(If you don't know what I am talking about, tsk, tsk, I am SO disappointed in you. Please do yourself a favor and start reading Harry Potter RIGHT NOW!)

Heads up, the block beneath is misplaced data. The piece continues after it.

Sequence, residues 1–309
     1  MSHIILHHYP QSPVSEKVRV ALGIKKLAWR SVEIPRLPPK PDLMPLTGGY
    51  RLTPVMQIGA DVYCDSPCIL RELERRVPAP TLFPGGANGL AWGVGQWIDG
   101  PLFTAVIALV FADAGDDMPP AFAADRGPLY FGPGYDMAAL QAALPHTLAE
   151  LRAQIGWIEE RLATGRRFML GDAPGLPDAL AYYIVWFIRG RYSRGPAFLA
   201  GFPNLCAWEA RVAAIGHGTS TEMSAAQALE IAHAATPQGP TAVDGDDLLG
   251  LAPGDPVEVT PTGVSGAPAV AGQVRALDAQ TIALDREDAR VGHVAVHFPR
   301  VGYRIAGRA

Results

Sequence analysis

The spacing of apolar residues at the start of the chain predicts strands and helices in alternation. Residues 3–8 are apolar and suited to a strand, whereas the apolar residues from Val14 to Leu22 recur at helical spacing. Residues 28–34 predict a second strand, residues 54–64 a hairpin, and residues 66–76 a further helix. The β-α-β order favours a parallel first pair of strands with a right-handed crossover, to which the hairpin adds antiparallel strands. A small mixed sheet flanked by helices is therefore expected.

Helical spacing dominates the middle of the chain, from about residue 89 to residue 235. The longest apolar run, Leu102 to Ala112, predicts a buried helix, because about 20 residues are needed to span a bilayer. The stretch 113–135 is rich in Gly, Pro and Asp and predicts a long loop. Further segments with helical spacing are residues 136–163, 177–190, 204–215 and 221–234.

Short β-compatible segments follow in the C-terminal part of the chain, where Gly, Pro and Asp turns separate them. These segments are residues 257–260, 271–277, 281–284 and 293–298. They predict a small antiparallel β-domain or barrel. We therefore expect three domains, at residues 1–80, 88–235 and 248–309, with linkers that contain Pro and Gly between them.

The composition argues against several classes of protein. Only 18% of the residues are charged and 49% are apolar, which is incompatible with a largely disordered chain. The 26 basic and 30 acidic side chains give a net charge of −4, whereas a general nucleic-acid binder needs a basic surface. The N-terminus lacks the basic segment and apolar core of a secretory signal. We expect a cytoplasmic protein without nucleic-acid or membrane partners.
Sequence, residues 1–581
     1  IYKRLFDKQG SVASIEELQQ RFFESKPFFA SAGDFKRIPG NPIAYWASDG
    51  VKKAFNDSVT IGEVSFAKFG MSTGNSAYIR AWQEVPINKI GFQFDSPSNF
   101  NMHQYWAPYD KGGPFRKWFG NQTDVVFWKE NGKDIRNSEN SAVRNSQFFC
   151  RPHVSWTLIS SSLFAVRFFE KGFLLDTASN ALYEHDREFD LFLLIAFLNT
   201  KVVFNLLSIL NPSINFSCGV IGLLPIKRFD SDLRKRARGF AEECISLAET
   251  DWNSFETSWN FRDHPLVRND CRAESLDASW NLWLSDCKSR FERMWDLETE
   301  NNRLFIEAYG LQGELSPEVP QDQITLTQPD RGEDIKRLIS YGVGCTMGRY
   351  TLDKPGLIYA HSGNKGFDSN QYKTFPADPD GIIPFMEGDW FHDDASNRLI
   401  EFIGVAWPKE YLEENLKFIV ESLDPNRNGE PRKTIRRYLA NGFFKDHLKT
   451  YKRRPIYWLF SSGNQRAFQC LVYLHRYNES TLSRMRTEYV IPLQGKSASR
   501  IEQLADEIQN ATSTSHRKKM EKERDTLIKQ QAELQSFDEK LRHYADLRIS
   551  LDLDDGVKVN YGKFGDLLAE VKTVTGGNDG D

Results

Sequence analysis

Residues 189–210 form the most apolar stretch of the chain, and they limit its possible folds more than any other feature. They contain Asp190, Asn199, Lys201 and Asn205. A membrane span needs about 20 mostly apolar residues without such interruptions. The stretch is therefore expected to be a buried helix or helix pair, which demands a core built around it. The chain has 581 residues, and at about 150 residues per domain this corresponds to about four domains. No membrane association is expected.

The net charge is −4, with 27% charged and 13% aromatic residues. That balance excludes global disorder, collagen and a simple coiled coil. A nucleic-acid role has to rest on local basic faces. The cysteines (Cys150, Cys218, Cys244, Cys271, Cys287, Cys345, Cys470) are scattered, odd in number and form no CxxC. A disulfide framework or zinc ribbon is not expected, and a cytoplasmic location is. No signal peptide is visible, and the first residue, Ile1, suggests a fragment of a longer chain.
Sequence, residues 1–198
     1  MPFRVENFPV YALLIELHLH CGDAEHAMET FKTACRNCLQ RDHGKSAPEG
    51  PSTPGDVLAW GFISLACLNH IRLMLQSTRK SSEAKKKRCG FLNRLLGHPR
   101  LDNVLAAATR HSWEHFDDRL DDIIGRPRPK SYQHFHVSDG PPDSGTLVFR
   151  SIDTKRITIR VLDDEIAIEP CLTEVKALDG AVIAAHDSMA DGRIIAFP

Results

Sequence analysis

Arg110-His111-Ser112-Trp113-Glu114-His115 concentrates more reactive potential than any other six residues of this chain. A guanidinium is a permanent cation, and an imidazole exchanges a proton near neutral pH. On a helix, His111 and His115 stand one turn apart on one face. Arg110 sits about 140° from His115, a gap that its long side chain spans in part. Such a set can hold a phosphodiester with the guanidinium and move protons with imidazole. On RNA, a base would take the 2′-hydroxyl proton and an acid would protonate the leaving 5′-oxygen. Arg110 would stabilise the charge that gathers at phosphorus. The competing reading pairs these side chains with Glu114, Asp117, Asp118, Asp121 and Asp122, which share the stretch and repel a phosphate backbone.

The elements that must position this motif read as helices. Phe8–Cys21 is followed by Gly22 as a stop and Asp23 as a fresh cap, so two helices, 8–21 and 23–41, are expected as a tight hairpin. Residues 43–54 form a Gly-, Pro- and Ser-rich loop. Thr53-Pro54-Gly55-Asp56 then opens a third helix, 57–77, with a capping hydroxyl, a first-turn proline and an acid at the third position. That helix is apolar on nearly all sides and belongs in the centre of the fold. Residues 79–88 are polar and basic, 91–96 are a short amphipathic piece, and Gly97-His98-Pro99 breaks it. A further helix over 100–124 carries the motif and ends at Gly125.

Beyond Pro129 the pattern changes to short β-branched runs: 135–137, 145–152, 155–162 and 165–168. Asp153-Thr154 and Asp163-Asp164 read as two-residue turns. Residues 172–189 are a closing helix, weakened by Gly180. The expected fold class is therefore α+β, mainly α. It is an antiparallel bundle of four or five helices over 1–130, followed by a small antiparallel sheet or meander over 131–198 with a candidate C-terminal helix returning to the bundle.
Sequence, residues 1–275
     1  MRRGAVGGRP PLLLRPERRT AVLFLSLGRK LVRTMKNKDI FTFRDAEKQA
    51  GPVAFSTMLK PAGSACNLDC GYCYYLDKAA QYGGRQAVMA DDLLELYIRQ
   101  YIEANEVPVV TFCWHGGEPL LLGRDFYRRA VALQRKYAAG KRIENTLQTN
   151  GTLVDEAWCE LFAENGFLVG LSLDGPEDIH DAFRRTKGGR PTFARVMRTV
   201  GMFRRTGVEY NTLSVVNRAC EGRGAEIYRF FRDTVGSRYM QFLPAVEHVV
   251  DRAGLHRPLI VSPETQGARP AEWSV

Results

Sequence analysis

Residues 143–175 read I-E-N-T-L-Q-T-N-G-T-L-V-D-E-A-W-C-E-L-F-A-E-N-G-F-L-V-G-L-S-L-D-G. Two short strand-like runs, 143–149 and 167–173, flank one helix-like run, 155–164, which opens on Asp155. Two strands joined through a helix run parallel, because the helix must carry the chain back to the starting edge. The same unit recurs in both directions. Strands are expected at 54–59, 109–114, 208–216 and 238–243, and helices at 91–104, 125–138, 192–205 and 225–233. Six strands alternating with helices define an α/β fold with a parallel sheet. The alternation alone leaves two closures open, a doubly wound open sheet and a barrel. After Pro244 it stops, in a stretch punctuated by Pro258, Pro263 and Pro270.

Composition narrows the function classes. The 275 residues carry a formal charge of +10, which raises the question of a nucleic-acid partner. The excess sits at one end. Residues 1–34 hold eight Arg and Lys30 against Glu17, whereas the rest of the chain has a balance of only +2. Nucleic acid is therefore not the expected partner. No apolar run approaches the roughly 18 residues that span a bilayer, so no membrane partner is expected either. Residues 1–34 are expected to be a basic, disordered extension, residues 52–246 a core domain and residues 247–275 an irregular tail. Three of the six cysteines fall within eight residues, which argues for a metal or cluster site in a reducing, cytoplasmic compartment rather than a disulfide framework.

Moment 1: I have arrived in the office and not immediately gone for my customary cup of coffee. My head feels like it had a forceful impact with something cold and metallic and has been wrapped in an ice-pack. It feels full, heavy, and like something's sloshing in there sickeningly. My nose feels similarly under the weather. This is not a cold - it is a case of allergies. This is a bad day. Around 8 AM, I drag myself to the break room and start brewing my coffee. Rebecca, my best friend (and manager) follows me and starts brewing her tea. A coworker walks in and starts talking to me about a project we are working on. I try to articulate a response, which sounds very clear and straight-forward as I am thinking about it (albeit a bit bumpy due to the choppy tide in my head). I open my mouth and say "Usman." Rebecca snickers. My co-worker looks at me like I have gone crazy. "What?" I have the following realizations in this order: my husband has put me under the Imperius curse; no, he probably hasn't because I wouldn't be cognizant of this if he had; dammit, Harry Potter isn't real; I really meant to say my boss Sean's name; how do I get out of this situation, will it sound weird if I follow-up now with my original train of thought; oh, screw it, I am doing it. This took maybe 5 or 6 seconds, during which time my co-worker was staring at me with a mixture of concern and surprise. Here's how I salvaged the situation: "Excuse me, but I haven't had my first cup of coffee yet and my allergies are killing me, I am really not even present, part of me thinks I am still sleeping." Awkward laughter. "What I meant to say is, Sean asked us to do such and such by such and such date." Whatever. Life goes on.